Check out MarketWatch’s column ‘Retirement Hacks’ for actionable pieces of advice for your own retirement savings journey
How you should invest your money is dependent not only on how much money you need or want in retirement, but also your comfort level.
There’s a difference between “risk capacity” and “risk tolerance.” The former is how much risk you need to take in your portfolios to reach your goals. The latter is how much you can stomach, such as if you are invested aggressively but you can’t sleep at night, you’re constantly logging into your retirement account or you’re watching index tickers move up and down throughout the day. (None of those are good to do frequently.)
I can’t tell you how exactly you should manage your 401(k) because of all of the other key factors and figures to consider, such as current and expected living expenses before and during retirement, financial needs, debts, other assets like a home or an IRA, etc., but I hope these considerations act as starting points for you.
And as for taxes: You can diversify your tax options, such as investing in a traditional 401(k) and a Roth one, if that’s an option at your job. The traditional account is invested pre-tax, which means you’ll pay taxes at the time of distribution, whereas Roth contributions are taxed and then distributions would be tax-free.
Also see: How much do I need to retire? Is $3 million enough?
If you don’t have a Roth 401(k) option available to you, there’s always the Roth IRA, assuming you meet the income requirements ($153,000 for single taxpayers and $228,000 for those who are married filing jointly). Tax diversification is a great way to reduce your liabilities at tax time and maximize how much of your withdrawals you can keep — for example, if you’re close to the breakpoint of two tax brackets but you need to take money out of your retirement savings, you could withdraw from your Roth. Comparatively, if you only had a traditional account, that withdrawal could push you into the next tax bracket and thus, you’d be paying more in taxes. A certified public accountant could help you make sense of these calculations.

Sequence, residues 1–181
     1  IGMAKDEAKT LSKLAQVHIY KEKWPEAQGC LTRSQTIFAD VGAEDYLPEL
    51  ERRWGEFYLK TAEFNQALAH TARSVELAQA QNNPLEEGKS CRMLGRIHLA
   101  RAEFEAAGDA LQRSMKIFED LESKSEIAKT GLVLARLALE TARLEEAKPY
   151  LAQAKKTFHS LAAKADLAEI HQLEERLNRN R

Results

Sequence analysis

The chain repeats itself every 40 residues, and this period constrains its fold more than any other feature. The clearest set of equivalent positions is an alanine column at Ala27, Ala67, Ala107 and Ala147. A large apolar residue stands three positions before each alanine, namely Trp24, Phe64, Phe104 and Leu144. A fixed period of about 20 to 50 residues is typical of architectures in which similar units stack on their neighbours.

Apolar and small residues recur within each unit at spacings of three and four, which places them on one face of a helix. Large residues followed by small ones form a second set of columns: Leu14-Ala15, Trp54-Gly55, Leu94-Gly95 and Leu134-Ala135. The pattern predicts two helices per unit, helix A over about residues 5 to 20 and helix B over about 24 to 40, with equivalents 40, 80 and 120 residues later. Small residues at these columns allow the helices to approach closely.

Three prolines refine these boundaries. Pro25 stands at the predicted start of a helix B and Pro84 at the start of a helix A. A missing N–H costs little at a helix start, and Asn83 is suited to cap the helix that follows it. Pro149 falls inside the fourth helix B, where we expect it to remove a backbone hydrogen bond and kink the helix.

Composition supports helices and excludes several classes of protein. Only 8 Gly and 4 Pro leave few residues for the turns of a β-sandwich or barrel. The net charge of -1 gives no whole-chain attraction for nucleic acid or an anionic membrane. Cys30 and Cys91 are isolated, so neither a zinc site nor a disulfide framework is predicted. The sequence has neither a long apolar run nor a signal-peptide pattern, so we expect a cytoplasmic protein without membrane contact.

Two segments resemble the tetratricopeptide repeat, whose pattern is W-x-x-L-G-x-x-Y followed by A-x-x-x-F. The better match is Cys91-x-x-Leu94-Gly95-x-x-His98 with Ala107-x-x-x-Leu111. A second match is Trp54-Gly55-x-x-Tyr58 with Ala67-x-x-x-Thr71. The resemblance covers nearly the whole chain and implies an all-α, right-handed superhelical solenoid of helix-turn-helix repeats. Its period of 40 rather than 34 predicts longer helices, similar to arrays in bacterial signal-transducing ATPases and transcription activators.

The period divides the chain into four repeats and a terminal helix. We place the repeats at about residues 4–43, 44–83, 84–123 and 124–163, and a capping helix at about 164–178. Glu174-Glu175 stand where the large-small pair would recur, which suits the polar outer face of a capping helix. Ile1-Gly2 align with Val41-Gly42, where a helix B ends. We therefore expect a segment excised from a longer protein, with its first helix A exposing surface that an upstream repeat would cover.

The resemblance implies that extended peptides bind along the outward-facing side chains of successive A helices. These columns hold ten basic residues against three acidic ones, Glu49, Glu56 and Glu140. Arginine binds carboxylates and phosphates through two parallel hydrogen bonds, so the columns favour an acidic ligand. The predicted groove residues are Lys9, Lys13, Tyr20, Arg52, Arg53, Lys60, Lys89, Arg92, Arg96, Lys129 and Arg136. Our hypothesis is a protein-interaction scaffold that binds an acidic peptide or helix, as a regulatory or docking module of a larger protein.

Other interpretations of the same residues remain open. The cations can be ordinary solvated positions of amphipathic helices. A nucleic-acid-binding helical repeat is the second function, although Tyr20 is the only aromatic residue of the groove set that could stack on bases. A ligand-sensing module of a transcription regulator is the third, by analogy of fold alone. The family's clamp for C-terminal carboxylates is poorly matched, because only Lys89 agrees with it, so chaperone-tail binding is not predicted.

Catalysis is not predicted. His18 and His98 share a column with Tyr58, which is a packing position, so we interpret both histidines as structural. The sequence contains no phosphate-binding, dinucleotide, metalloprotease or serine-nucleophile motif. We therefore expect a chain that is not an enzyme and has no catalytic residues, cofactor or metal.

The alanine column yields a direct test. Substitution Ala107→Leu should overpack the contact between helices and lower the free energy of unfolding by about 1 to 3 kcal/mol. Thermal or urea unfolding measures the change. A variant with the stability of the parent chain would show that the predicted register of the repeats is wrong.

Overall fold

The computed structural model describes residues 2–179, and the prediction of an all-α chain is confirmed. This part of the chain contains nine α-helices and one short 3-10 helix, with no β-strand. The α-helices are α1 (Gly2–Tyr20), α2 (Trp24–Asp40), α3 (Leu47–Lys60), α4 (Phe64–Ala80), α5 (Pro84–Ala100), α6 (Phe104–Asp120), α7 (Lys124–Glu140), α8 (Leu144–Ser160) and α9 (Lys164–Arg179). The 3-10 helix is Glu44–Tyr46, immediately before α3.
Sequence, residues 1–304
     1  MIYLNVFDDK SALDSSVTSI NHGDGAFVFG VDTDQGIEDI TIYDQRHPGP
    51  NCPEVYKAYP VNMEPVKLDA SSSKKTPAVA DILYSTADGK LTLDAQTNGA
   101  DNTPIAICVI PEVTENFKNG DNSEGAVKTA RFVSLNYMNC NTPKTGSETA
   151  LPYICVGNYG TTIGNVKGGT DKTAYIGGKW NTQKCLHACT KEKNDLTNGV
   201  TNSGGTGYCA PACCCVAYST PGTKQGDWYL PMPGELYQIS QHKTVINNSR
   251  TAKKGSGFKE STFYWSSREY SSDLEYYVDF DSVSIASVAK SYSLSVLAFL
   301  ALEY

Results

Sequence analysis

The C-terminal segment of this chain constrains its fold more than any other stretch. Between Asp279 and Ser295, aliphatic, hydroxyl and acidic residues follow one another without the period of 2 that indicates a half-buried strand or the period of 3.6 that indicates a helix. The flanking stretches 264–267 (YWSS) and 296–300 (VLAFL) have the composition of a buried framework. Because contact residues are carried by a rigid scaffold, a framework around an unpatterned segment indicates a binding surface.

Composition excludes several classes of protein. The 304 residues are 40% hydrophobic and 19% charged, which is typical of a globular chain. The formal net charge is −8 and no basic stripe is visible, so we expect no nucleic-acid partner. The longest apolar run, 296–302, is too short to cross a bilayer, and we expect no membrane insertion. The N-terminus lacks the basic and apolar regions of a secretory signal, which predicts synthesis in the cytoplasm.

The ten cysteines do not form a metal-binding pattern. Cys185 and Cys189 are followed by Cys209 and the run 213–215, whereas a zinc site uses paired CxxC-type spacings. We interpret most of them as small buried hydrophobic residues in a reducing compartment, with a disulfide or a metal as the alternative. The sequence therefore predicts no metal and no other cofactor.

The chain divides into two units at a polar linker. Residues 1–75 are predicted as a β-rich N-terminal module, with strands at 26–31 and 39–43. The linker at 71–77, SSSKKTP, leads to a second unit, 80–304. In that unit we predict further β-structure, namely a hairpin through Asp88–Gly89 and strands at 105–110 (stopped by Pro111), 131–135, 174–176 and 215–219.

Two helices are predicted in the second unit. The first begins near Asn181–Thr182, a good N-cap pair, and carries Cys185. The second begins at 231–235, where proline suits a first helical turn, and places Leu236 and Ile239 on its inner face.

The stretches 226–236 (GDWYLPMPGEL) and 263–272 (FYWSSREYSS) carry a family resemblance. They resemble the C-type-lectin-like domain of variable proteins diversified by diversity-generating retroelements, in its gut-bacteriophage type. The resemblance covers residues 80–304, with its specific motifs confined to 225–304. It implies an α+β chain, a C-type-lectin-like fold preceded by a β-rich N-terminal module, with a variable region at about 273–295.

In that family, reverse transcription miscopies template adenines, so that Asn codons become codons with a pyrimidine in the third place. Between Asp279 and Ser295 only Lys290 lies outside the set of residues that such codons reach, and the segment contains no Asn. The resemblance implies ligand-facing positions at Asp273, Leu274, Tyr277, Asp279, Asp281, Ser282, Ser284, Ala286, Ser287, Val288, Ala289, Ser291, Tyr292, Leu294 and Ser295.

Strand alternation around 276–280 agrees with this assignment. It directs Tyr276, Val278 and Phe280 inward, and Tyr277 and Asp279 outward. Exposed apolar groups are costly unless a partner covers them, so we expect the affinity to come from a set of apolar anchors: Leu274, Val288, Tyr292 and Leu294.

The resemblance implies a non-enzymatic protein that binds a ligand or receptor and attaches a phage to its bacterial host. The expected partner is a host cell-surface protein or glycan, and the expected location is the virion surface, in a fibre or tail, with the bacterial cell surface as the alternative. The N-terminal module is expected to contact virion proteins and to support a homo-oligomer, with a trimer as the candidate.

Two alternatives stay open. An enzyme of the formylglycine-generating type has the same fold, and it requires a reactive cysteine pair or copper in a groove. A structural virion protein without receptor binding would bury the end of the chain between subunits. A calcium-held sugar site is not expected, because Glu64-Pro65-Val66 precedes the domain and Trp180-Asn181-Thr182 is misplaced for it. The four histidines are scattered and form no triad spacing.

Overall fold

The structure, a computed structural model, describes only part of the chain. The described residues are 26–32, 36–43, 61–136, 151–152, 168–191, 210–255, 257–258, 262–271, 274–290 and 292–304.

I also suggest you contact a qualified financial planner, someone who would work in your best interest, or at the least reach out to your HR department or a professional at the firm housing your 401(k) so that you can review your options.
In the meantime — and I say this a lot, and to everyone — review your spending and savings habits and see if you can make tweaks. You can’t control what the market does or what tax rates will be in the future, but you’re in full control of how you manage your money outside of the portfolio. Be proactive in other ways, such as maximizing your savings while you’re still working, writing out a financial plan for retirement that includes all of your goals as well as accounting for all of the expenses that are expected and unexpected, have an emergency savings account outside of your 401(k) that you can lean on in the event of an unfortunate situation and review your healthcare coverage, as that’s a huge cost for all Americans, especially as we age.
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Have a question about your own retirement savings? Email us at HelpMeRetire@marketwatch.com